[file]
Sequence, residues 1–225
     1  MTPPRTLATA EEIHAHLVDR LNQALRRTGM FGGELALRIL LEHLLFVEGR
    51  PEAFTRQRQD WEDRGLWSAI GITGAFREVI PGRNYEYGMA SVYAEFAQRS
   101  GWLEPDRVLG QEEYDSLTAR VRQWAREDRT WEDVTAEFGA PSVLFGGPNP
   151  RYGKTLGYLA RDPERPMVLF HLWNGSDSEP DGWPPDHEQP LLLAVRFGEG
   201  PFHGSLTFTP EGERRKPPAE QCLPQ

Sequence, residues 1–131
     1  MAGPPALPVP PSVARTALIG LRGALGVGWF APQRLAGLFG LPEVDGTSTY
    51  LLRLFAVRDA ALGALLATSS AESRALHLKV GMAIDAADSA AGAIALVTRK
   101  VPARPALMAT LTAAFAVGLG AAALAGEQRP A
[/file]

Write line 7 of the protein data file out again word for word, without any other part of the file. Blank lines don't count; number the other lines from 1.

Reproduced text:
Sequence, residues 1–131